This scene from Hotel Rwanda shows the turning point of the main character, where he fundamentally transitions from selfishness and fear to selflessness and courage. After the U.N. abandoned — after, of course, evacuating all the non-Rwandans– the Tutsis even as all the children in an orphanage arrive hoping to escape, he forgets about his vain worldly immediate goals of preserving his hotel and instead sacrifices himself for the human beings in front of him. I watch this to be inspired to make the same choice in my own life:

From For Greater Glory, the martyrdom of Blessed José Sánchez del Río. Sad yet beautiful beyond words. To add to the importance of this, it was just announced that he will be canonized. I don’t suppose I need say what this reminds me of. 


This final scene from I Am Legend, where the main character reveals, moments before his self-sacrificial heroic act, that he has converted from being a skeptic who disbelieves in Providence and God (shown in the first half of this video) to the very opposite, inspires me to give up hope on no one (for God’s grace can easily – in a moment – turn His most vociferous opponent into His most ardent soldier – Acts 9:4) and to remember that sacrifice is the measure of love

Platitudinous, yes… but somehow “Your heart is free. Have the courage to follow it” so very much sticks with me and inspires me from this scene from the beginning of Braveheart. How often we neglect our callings because of petty concerns, anxieties, fears, and worries. It should never be so! Jesus constantly tells us to not be afraid. There is no reason for fear, or the hesitation and shirking of duties that comes from it, in following the callings He has placed on our hearts; let us take His word for it.

This scene from Gladiator, particularly the line “Brothers, what we do in life echoes in eternity.” How true!!! We should approach each and every day with the vigor that the soldiers would have received from that speech and charged into battle with. One of the questions the Church asks when pondering whether to canonize a saint is “Did he rejoice at the near approach of death?” We should all rejoice at this!

If you, too, happen to find any of these clips particularly inspirational, then I recommend downloading them onto your hard drive. You never know when YouTube will decide to remove a video. This program enables you to do so: Just be very careful as you install it — they will try to trick you into installing a bunch of other garbage (yahoo toolbars, etc.) that you have to very carefully “decline” each step of the way.



I would like to make one final note:

Some of you perhaps feel discouraged because you think that Pope Francis has condemned condemnation of sin, that he has undermined the necessity of your apostolates, that he is insisting upon an entirely different form of the Mission of the Gospel than you have dedicated yourself to and sacrificed so much for, or something of the sort.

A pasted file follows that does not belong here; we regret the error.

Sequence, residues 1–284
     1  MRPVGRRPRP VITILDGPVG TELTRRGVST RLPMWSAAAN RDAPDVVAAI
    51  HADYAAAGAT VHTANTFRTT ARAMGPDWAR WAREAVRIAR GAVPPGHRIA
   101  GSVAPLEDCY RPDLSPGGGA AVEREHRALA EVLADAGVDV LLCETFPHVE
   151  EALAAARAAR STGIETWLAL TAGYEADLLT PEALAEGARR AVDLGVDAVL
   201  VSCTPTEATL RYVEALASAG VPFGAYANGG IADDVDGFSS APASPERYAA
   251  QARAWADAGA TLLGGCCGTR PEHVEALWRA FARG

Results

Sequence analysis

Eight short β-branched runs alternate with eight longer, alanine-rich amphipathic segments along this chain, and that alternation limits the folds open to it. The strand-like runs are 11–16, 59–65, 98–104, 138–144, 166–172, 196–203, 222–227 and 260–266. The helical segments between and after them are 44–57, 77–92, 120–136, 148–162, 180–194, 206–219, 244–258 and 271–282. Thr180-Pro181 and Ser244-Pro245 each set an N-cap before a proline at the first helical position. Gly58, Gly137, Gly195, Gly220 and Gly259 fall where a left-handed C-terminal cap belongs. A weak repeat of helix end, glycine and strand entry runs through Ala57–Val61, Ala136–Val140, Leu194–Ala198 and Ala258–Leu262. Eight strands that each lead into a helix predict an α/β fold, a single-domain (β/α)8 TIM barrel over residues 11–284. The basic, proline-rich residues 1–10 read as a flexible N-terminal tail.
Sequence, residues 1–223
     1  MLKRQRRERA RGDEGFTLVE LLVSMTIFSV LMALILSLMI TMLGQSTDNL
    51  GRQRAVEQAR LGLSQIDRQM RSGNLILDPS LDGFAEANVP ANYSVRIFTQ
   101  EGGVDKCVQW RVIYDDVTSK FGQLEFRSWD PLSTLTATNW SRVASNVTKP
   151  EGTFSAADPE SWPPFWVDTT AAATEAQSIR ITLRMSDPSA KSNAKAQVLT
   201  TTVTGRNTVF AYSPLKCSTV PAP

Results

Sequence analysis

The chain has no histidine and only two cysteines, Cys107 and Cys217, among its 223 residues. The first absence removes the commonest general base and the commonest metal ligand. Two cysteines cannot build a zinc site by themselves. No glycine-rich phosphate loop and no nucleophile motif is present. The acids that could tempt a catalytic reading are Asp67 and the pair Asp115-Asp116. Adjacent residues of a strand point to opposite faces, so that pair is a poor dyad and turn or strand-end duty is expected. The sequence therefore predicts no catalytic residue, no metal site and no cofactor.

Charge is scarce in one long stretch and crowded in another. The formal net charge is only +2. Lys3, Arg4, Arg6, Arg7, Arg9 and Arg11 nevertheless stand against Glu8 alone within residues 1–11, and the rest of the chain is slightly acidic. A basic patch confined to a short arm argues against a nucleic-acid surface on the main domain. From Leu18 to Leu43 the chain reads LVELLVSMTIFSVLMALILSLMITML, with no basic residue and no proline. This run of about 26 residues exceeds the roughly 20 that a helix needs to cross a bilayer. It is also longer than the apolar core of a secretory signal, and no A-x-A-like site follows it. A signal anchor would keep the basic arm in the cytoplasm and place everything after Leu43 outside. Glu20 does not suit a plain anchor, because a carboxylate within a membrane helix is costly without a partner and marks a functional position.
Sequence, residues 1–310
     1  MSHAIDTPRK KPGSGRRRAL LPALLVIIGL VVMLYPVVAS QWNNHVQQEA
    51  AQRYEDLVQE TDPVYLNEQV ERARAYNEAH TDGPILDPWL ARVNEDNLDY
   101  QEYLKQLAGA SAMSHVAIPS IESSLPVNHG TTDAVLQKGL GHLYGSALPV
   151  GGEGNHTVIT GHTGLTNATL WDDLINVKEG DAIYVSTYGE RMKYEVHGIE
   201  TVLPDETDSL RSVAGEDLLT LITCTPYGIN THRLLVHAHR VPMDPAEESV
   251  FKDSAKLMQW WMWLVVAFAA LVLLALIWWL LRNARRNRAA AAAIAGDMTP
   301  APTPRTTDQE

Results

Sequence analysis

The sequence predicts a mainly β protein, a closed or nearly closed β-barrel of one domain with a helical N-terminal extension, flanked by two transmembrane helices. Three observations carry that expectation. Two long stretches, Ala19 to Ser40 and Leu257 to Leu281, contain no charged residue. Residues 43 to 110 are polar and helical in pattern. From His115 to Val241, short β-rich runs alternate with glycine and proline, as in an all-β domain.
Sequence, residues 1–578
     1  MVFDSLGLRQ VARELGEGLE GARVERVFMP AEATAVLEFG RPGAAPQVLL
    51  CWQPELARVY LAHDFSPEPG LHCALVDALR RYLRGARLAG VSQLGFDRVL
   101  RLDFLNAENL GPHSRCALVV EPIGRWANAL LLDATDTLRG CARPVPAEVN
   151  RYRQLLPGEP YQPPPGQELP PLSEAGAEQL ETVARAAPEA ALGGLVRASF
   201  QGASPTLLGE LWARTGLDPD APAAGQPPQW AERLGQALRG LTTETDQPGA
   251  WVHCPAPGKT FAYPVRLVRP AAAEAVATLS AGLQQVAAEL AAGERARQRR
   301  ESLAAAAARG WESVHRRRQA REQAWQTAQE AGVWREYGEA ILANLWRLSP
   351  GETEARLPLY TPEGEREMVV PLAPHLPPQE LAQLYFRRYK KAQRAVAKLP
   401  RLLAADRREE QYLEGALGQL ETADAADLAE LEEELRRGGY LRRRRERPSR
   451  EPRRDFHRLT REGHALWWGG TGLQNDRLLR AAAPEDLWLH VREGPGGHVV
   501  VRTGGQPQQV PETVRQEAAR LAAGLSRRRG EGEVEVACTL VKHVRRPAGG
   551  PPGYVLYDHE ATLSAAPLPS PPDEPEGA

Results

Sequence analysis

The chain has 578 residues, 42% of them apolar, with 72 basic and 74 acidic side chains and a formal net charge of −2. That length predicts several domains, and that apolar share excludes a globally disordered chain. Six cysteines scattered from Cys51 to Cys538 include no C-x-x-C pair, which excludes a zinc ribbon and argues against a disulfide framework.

He has not.

Here is what he formally prepared, wrote, and released through the Vatican (meaning it is much more authoritative than off-the-cuff remarks [perhaps even only allegedly said] in interviews, etc.) just last week:

We can and we must judge situations of sin …It is our task to admonish those who err and to denounce the evil and injustice of certain ways of acting, for the sake of setting victims free and raising up those who have fallen.

… Our primary task is to uphold the truth with love (cf. Eph 4:15). Only words spoken with love and accompanied by meekness and mercy can touch our sinful hearts. Harsh and moralistic words and actions risk further alienating those whom we wish to lead to conversion and freedom, reinforcing their sense of rejection and defensiveness.”

This Pontificate is not actually confusing. There is nothing confusing about a Pope opening up footwashing to women, updating annulment law, or tweaking the Canonical details of the reception of Communion; the Vicar of Christ is well within his rights to do these things, and the opinion of individual lay people like me on such actions is not particularly important. Nor does God need to consult me before He steers the Church through His Vicar; His words to people who think that He does need to consult them is the same as they were to Saul on the day of his conversion “…it hurts you to kick against the goads.” (Acts 26:14)

“Love the sinner, hate the sin” always has been and always will be the mission of the Church. Pope Francis focuses especially on the former, but the mission itself has not changed one iota.

Almost four years ago, when I was making — during the Pontificate of Benedict XVI and in preparation for the Year of Faith — I was striving to put together a website that was both overflowing with mercy in its approach, and also utterly unafraid of calling out those evils that so inundate the world today; so praised and promoted by mainstream Godless ideology; so destructive to souls. I hope I at least somewhat succeeded, as there are now at least one hundred thousand Evangelization Cards that announce this URL circulating around the country and hundreds, if not thousands, more mailed out each week. Every day my wife and I pray that each and every one of those cards will bear abundant fruit.

As I was writing that site, I had the teachings of Pope Benedict on my mind inspiring me. I now have the teachings of Pope Francis on my mind inspiring me. So much drama has transpired during those years. So many debates. So much dissension over relatively minor questions. So much factiousness. And yet…

My mission has not changed. The mission has not changed.

Do not be distracted. Do not be discouraged. Eyes on the prize.

As the events that must come continue to transpire, commentary & debate will seem ever more vital, and the temptation to absorb ourselves in it will ever increase. We must recognize that as a temptation, fight it, and refuse to succumb to it.

In reality, it is the mission that is becoming ever more vital, and we must urgently absorb ourselves in that:


Live in the Divine Will

Proclaim the Divine Mercy

Eucharist, Rosary, Chaplet, Scripture, Fasting, Confession, Works of Mercy

Pray, pray, pray

And let love – utterly pure, disinterested, complete, self-sacrificial love – be the absolutely unquestionable form of each and every one of your decisions, thoughts, words, and deeds.


Jesus, I Trust in You.

Thy Will Be Done.

Be ever on your mind, heart, and lips.